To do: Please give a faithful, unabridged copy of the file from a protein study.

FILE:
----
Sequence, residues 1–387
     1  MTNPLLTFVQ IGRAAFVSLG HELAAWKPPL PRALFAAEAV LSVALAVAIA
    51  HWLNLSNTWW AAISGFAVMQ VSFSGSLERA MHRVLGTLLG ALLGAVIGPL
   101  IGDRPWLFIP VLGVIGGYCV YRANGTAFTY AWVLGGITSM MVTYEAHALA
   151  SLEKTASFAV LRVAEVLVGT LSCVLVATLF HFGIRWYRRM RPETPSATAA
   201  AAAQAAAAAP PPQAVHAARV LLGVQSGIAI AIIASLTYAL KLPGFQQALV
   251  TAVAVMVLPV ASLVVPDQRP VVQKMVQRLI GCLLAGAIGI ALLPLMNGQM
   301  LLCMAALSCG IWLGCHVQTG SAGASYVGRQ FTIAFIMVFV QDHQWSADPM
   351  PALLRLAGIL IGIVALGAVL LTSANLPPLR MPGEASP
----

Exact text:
Sequence, residues 1–387
     1  MTNPLLTFVQ IGRAAFVSLG HELAAWKPPL PRALFAAEAV LSVALAVAIA
    51  HWLNLSNTWW AAISGFAVMQ VSFSGSLERA MHRVLGTLLG ALLGAVIGPL
   101  IGDRPWLFIP VLGVIGGYCV YRANGTAFTY AWVLGGITSM MVTYEAHALA
   151  SLEKTASFAV LRVAEVLVGT LSCVLVATLF HFGIRWYRRM RPETPSATAA
   201  AAAQAAAAAP PPQAVHAARV LLGVQSGIAI AIIASLTYAL KLPGFQQALV
   251  TAVAVMVLPV ASLVVPDQRP VVQKMVQRLI GCLLAGAIGI ALLPLMNGQM
   301  LLCMAALSCG IWLGCHVQTG SAGASYVGRQ FTIAFIMVFV QDHQWSADPM
   351  PALLRLAGIL IGIVALGAVL LTSANLPPLR MPGEASP